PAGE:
Auto racing, ranging from low budget midgets and modified hardtops to big bucks Indy machines, has enjoyed a large and loyal following in Fresno for more than fifty years. Motor sports old-timers still enjoy reliving memories of steamy summers when midget autos and souped-up stocks roared at Airport Speedway and Kearney Bowl. But nothing surpassed the excitement of the 1950s, an era when Fresno was proudly represented at the Indianapolis Speedway by Billy ”The Mad Russian" Vukovich, Duane Carter Sr., and Johnny Boyd. All three drivers grew up in Fresno.
Boyd drove in a dozen Indy 500s, beginning with the tragic 1955 race when his boyhood idol Bill Vukovich was killed during a crash which involved Boyd and two other drivers, Rodger Ward and Al Keller. Boyd, a handsome crew-cut favorite with female fans, was never happier than he was when racing. He was as impassioned as anyone could be about his sport. It's all he ever wanted or ever expected to do with his life. It was so ironic that Boyd was involved in the wreck that took his hero's life. "Vukie" gave Johnny his first midget ride, shared driving tips with him, and encouraged him when he sensed that he needed an emotional lift. Inevitably, Boyd would be asked repeatedly about his reaction to "the accident" at Indy in 1955. He would be obligated to explain what had happened. The details were that Vukovich had a half-lap lead on the back straightaway during the 57th lap, trailing Ward, Keller, and Boyd when a broken axle sent Ward's car out of control and flipped it over. Keller, attempting to avoid hitting Ward, broadsided Boyd's car and then Vukovich's car sheared off Boyd's rear wheel, causing Vukovich's to sail over the retaining wall, landing upside down, and bursting into flames.
Boyd continued to compete in eleven more Indy 500s, finishing five of them, but also crashing during his first and his last Indy 500 starts. He also competed in six World Championship races when the Indy 500 was part of the FIA World Championship series from 1950 to 1960, finishing on the podium once in third place. Boyd's racing career began on quarter-mile midget tracks. He was one of the most popular wheelmen at tracks from Contra Costa to Gardena. During a stretch from 1954 to 1966, Boyd raced in the AAA and USAC Championship car series and was the runner-up in a major race in Milwaukee in 1959. He was in the top ten thirty-one times in fifty-six starts and won USAC feature 100-lap races in Fresno in 1957, and Pacheco and Gardena in 1957 and 1959. He retired after failing to qualify for the 1967 Indy 500. Boyd received many honors including selection to the 500 Oldtimers, Motorsports Press Association, Bay Cities Racing Association, Kings Speedway, and Fresno Hall of Fame plus receiving the prestigious 2003 Oldtimers Club Meyer Award for his exemplary service to racing. He passed away in 2003.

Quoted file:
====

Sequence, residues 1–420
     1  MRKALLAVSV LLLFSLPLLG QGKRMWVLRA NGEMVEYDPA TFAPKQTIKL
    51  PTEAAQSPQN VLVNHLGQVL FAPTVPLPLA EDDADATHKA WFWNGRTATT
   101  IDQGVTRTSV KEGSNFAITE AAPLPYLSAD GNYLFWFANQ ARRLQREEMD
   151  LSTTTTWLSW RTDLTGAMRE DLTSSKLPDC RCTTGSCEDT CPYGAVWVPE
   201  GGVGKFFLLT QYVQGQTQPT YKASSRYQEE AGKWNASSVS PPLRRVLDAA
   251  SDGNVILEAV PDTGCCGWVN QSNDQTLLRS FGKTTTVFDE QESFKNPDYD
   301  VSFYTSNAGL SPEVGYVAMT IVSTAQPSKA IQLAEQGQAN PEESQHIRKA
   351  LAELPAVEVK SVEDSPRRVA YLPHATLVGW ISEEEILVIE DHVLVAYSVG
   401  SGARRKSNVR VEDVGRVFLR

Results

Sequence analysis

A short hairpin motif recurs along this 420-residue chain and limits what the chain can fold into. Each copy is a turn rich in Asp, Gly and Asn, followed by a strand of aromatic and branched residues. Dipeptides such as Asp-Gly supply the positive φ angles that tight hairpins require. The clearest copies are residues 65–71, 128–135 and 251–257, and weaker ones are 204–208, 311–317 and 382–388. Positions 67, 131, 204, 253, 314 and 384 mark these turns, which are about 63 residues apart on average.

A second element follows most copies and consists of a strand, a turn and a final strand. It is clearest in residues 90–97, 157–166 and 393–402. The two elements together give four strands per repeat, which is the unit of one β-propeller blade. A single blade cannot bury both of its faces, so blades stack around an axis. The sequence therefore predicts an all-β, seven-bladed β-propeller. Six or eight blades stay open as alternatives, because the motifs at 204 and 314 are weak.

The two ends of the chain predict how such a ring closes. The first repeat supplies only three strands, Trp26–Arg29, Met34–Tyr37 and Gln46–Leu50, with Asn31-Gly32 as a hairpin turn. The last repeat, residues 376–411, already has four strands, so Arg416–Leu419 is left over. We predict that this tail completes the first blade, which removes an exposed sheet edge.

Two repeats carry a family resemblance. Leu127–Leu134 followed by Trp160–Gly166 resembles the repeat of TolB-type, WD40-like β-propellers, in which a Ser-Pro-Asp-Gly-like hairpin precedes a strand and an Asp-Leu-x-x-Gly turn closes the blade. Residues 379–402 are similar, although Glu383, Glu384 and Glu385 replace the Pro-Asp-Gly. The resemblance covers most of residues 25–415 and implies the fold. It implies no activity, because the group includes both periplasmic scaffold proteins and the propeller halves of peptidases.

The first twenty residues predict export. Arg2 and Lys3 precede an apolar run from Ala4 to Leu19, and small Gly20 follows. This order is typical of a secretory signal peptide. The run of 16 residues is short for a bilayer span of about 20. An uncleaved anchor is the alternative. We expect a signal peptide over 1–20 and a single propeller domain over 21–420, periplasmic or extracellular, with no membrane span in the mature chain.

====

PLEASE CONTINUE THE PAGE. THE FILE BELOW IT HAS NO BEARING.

Called "The Golden Basque" by his legion of friends, Olin Dutra came within a few strokes of winning all four major golf championships. He did win the U.S. Open at the Marion Cricket Club in 1934 and the PGA Championship in 1932 in St. Paul, Minnesota. Dutra was runner-up in the 1934 Masters and missed tying for the British Open by one stroke in 1933, the same year that he was named to the U.S. Ryder Cup team. In 1932, he led the PGA Tour in money winnings with $9,000. He returned to Fresno in 1940 and Won the California State Open at Fort Washington. A match play format was used in both the Open and the PGA when Dutra won. In the latter, he was thirty-two under par for the 108 holes played. In the PGA, he edged the legendary Gene "Squire" Sarazan by one stroke, overcoming an eight stroke lead of little Bobby Cruickshank. Dutra's main ties to Fresno came as a young man when he was the second head pro at the fledgling Fort Washington Country Club which was nine holes at the time. He was also a head pro at the Sunnyside Country Club. In four years in Fresno, the big, long-hitting Dutra made a large circle of friends and admirers.
The year that he won the Open, Sunnyside members wired him congratulations. On the occasion of Jack Nicklaus Open title at Baltusrol in 1980, he was glued to his television set and rooting for the Golden Bear. "It was a tremendous show and I know Isao Aoki [Japan] wanted to win and played a courageous game,"Dutra said. "It was a great spectacle and it was a tremendous victory for one of the greatest golfers, a gentleman, and a real credit to our profession and to the country."From Sunnyside, Dutra was hired at the posh Brentwood Country Club in southern California and the Wilshire Country Club in Los Angeles. "Most men playing in the Open in those days were club pros whose main job was to tend shop, teach, look after members, keep everyone happy, and play mostly local tournaments," Dutra said. In 1969, he became the head pro at the San Luis Obispo Country Club.